On the last Wednesday of August, around noon, hoards of people paint the town red and throw more than 150,000 tomatoes at each other. Apparently, the tomatoes are over-ripe and of very low quality, so food waste isn’t a concern. And according to locals, the tomato sauce can just be hosed down from the buildings. They’ve thought this through!
The reason for the festival? Well, it’s neither an ode to the tomato nor does it celebrate the tomato harvest — La Tomatina apparently started as a food fight in the 1940s. The year after, the same people just met again, armed with tomatoes — and the rest is history.
5. History and oranges in Italy
Southern Europe seems to like food fights, so Italy’s La battaglia delle arance (Battle of the oranges) fits right in. Every year, in the three days leading up to Fat Tuesday, the people of Ivrea in northern Italy throw more than 500,000 oranges at each other.
The festival has nothing to do with battling the winter flu with an overdose of vitamin C. Instead, it dates back to medieval times when Violetta, a miller’s daughter, took things into her own hands when after a local nobleman made unwanted advances toward her. The young woman inspired the citizens to rise up, storm the palace, and free their town. Pretty dramatic, right?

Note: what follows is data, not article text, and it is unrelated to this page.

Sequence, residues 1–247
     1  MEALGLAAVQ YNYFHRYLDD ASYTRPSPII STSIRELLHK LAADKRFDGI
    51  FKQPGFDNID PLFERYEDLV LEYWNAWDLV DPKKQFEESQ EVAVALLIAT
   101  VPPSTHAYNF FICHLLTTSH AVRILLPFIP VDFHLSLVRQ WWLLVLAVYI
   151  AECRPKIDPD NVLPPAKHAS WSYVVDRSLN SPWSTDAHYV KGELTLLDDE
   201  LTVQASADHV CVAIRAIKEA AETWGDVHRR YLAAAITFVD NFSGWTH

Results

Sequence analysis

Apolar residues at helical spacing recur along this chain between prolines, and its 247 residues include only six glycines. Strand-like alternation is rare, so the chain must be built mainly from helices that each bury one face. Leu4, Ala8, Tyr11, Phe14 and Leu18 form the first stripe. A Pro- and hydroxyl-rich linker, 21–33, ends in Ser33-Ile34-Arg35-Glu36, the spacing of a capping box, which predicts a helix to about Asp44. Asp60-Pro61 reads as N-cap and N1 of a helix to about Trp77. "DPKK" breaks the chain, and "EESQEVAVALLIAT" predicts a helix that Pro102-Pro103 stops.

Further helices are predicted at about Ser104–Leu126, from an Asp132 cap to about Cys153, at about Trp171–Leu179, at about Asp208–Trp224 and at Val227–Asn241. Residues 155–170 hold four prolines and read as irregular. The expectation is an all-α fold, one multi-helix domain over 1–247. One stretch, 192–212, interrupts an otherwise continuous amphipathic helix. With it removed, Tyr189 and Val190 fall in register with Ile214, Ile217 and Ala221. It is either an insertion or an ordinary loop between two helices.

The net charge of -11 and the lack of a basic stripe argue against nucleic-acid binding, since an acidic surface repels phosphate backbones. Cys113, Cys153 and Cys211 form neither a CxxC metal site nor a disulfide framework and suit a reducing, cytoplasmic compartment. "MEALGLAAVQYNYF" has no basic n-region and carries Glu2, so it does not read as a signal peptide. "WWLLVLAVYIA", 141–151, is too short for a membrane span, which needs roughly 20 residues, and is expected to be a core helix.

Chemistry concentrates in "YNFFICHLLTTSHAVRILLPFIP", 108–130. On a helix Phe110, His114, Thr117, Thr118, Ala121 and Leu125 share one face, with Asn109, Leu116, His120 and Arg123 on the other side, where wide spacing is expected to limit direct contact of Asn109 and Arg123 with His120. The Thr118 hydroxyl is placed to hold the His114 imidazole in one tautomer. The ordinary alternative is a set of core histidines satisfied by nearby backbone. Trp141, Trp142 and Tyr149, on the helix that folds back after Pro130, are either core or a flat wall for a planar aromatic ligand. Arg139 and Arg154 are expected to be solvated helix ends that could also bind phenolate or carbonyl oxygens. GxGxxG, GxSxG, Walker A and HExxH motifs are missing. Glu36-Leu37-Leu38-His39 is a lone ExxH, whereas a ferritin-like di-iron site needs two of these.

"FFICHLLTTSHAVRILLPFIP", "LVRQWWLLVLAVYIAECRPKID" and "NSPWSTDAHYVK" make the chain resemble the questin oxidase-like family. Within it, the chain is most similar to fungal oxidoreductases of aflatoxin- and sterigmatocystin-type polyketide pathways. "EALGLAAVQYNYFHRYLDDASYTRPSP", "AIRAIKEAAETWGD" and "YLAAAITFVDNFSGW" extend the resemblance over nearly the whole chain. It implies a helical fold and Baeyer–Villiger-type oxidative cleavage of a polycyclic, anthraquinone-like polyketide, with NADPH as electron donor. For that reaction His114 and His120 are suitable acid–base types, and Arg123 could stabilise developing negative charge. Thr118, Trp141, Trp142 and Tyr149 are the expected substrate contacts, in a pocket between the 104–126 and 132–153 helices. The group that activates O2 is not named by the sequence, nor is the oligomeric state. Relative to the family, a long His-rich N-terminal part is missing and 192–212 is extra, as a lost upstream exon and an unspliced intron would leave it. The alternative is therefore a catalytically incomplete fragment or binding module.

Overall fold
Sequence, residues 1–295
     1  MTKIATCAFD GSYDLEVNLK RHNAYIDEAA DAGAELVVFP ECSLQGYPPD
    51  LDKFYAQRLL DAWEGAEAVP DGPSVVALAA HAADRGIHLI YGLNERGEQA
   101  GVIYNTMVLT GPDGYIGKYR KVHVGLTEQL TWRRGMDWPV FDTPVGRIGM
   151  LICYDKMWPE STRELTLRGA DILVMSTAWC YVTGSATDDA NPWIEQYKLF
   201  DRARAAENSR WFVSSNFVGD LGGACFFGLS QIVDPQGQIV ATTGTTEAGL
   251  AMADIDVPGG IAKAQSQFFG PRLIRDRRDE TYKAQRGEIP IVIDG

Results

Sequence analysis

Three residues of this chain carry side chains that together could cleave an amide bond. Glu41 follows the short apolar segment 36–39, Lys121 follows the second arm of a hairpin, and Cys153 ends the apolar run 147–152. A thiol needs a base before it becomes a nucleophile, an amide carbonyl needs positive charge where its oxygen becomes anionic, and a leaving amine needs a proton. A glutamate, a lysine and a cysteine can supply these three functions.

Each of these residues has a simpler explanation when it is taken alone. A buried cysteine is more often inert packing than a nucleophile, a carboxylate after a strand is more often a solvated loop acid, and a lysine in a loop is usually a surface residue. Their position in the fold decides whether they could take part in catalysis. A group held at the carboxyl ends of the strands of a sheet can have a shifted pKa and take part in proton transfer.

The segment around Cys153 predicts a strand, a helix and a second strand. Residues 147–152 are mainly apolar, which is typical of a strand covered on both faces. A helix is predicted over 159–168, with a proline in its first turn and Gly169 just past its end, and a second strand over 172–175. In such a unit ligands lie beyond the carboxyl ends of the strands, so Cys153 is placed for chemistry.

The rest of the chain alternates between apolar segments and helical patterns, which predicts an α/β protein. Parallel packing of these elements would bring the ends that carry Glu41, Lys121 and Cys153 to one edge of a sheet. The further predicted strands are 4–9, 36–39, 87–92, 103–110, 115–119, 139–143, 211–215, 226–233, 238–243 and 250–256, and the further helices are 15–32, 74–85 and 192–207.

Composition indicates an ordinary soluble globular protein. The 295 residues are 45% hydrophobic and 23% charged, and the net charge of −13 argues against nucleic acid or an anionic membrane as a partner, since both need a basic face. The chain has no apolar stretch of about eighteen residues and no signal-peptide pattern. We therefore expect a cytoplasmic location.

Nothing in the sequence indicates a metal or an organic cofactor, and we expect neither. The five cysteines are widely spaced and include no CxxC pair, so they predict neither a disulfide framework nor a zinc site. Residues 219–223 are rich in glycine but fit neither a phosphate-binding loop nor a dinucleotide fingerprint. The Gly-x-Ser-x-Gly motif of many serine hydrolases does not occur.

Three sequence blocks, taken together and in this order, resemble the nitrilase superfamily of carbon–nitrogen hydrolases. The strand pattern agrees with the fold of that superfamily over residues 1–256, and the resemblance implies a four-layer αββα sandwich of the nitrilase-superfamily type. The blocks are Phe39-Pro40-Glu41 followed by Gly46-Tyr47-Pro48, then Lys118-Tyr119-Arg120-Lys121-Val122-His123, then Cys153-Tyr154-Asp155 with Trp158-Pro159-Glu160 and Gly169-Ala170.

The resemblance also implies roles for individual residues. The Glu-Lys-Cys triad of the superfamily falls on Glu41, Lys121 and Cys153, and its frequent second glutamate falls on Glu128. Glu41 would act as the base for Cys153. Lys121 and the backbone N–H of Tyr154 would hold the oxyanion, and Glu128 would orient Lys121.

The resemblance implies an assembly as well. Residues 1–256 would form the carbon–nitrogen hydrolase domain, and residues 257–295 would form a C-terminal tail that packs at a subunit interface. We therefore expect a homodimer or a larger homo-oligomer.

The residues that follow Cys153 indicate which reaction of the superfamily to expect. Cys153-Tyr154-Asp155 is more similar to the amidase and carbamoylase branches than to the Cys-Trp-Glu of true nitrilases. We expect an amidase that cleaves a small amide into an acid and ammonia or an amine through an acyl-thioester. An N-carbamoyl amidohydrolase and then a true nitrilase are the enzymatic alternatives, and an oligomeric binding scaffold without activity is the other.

So, to this day, the citizens of Ivrea commemorate the occasion by dressing up as either townspeople (on foot) or dukes (on floats) and have at it with oranges. Visitors of the juicy carnage can either stand behind safety nets or wear a red hat for protection — either way, it’s a messy three days.
6. Dancing and color in India
If you’re a fan of throwing powder, water, and mud at people, India’s Holi festival might be right up your alley. Head to Jaipur, Goa, or Udaipur, to witness the county’s wildest week. Holi, as seen on social media and screensavers around the world, is the Indian religious festival where everyone meets in the streets to sing, dance, and throw colored powder at each other to celebrate the beginning of spring and the triumph of good over evil.
But the powder isn’t just pretty to look at — the colors have special meanings. Red represents love and fertility, yellow is the color of prosperity and health, blue stands for the Hindu god Krishna, and green stands for new beginnings. The dye can leave lasting memories on your clothes, so dress accordingly.
7. Mud and marketing in South Korea
If you like mud masks to get clean and clear skin, South Korea’s Boryeong Mud Festival should be on your bucket list. For 10 days in summer, people in Boryeong basically have nothing but mud on their mind.
The mud festival has no religious or spiritual background — it started as a marketing tool for the cosmetic industry that wanted to market the area’s famous mud. And it worked! The world’s largest mud festival now attracts millions of mud lovers who participate in any activity that can be done with wet dirt, including bathing, wrestling, sliding, playing, dancing, and throwing. You can check the dates for each year’s festival on the town’s very own mud festival website.